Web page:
PAYING FOR THE PAST
APRIL 16, 1996
Efforts to reform the Environmental Protection Agency's Superfund program continue to move their way through Congress. Superfund identifies and then cleans up areas considered possibly harmful to human health. Reformers say the program has gone too far and accomplished little. Spencer Michels examines how these issues affect one town in California.
Click here to go to the Superfund Basic Research Program.
SPENCER MICHELS: Mining for gold more than a century ago was what built the little town of Sutter Creek in California's motherload. Despite its old time facade, this town is embroiled in a modern battle over what the gold miners left behind--arsenic, commonly known as a poison, and the role of the Environmental Protection Agency's Superfund. That's the federal program designed to clean up hazardous waste and spills of toxic substances which have been designated threats to public health. Superfund passed by Congress in 1980 depends for its clean-up money mostly on a tax from the chemical and petroleum industries, source of much pollution. That tax expired at the end of last year. The money will run out in a year or so. If the tax is to be reinstated and the Fund reauthorized, Republicans in Congress insist Superfund must be reformed or changed. The controversy that began at this mine head at Sutter Creek's Center Eureka Mine casts light on the fight in Congress over Superfund. Beginning in 1858 at Sutter Creek, miners sank tunnels a mile into the earth and dislodged rock. For a century, they sent that rock to the surface, where it was pulverized and the gold removed. What was left over were tailings. Some remained near the mine, and some flowed down flumes and creeks to sites like this, where they remain. EPA Coordinator Brad Shipley has collected some.
BRAD SHIPLEY, EPA Site Coordinator: It's a very fine, flour-like powder. That's what these tailings are. It's processed ore. In concentrated tailings, you have three hundred to seven hundred parts per million of arsenic consistently. So it's very mobile. A very small particle can be moved in the wind, or very easily transported in water and runoff.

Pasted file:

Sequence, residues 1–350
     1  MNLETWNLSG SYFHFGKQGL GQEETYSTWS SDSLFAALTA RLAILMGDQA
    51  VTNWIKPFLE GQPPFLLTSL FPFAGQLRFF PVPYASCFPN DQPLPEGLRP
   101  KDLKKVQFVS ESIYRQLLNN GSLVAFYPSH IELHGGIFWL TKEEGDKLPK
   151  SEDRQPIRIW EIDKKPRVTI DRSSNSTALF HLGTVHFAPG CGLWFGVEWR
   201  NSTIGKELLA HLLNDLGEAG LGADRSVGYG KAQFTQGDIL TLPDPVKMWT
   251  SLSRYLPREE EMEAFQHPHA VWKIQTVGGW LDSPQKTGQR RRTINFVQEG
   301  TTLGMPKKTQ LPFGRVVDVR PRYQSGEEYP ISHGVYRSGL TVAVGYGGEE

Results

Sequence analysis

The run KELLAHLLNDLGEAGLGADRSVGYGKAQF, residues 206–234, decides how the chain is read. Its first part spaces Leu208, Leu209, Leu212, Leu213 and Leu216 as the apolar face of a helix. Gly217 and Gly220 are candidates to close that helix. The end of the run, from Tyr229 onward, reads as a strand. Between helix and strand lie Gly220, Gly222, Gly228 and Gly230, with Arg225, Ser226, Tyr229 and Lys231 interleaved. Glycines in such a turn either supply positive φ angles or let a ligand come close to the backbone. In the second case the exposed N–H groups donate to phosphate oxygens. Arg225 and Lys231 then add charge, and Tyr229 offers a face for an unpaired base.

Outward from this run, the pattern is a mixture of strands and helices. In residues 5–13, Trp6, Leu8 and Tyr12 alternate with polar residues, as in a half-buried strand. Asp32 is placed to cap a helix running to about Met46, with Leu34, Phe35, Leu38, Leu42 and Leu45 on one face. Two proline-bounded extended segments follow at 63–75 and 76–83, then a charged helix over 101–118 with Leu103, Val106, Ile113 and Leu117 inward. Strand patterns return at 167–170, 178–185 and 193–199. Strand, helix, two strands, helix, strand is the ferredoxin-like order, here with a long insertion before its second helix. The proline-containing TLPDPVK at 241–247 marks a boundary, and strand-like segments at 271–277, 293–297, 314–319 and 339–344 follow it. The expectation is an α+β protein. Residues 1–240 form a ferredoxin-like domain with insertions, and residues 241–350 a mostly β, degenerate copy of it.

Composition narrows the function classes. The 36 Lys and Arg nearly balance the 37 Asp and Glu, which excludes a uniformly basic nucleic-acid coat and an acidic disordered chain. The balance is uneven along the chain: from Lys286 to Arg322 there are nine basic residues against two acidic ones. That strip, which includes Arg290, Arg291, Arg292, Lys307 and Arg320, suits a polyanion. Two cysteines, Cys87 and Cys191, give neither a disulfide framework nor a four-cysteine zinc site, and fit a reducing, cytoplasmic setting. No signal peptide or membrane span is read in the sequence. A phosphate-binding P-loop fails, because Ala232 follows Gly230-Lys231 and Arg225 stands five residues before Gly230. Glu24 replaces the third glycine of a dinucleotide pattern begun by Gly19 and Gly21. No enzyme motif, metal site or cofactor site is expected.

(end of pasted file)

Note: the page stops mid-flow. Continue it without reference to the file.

SPENCER MICHELS: A few years ago, developers with all the proper permits began construction of a 40-home subdivision in a spot where the mine operators had left a pile of tailings. But after a complaint from a worker, the state and then the federal EPA arrived to test the area for arsenic. They documented their activities on videotape. Superfund's acting regional director, Keith Takata.
KEITH TAKATA, Superfund Official: We know that at the levels of arsenic we have at this site if people are continued to be exposed to it, there will be health effects, and the health effects of arsenic are things like cancer, reproductive effects that don't show up for years down the road.
SPENCER MICHELS: Superfund called the Mesa De Oro subdivision and emergency response site, a designation that bypasses the lengthy procedures at locations on the more well-known national priorities list of 1300 Superfund sites.
BRAD SHIPLEY: To me, this site is a perfect example of how we're doing things a lot differently than we used to. We came in here a couple of years ago. We did some sampling, and then we went right to the clean-up stage without a lot of study.
SPENCER MICHELS: Construction of new homes was halted, and the EPA began removing and then replacing a foot or two of soil both on the 12-acre Mesa and in the yards of the homes below. They shored up the sloped sides of the Mesa, using a plastic webbed soil container.
BRAD SHIPLEY: The point here is we're trying to contain the tailings, prevent them from migrating into the yard. We're also trying to prevent direct contact, so we're containing the contaminant and preventing exposure.
SPENCER MICHELS: But these residents and businessmen say that is unnecessary because there is no danger. They question the whole process of the Superfund's involvement at Sutter Creek.
GEORGE WHEELDON, Geologist: So the EPA is coming in and saying the sky is falling but yet the facts and the background indicates that this evidence is not there.
SPENCER MICHELS: Geologist George Wheeldon says the arsenic from the mine is in a form, arsenopyrite, that is not dangerous, not absorbed into the body.
GEORGE WHEELDON: They've tested the people that live at Mesa De Oro, and they've tested urine and arsenic and levels in their hair, and they come up with absolutely nothing.
SPENCER MICHELS: To point out just how safe the local arsenic is, Wheeldon wears a ring containing gold and arsenopyrite, common substances in the motherload.
GEORGE WHEELDON: Are we going to put a "for sale" sign on the total motherload a couple of miles wide for a hundred and twenty miles long, depress property values, and, and destroy people's lives and homes for a problem that doesn't appear to be there?
BRAD SHIPLEY: Show me one article that says these, the arsenic in these tailings is safe. Show me one article that says arsenopyrite is not hazardous. I have an open mind. I try to look at that material, and I haven't seen anything that's safe.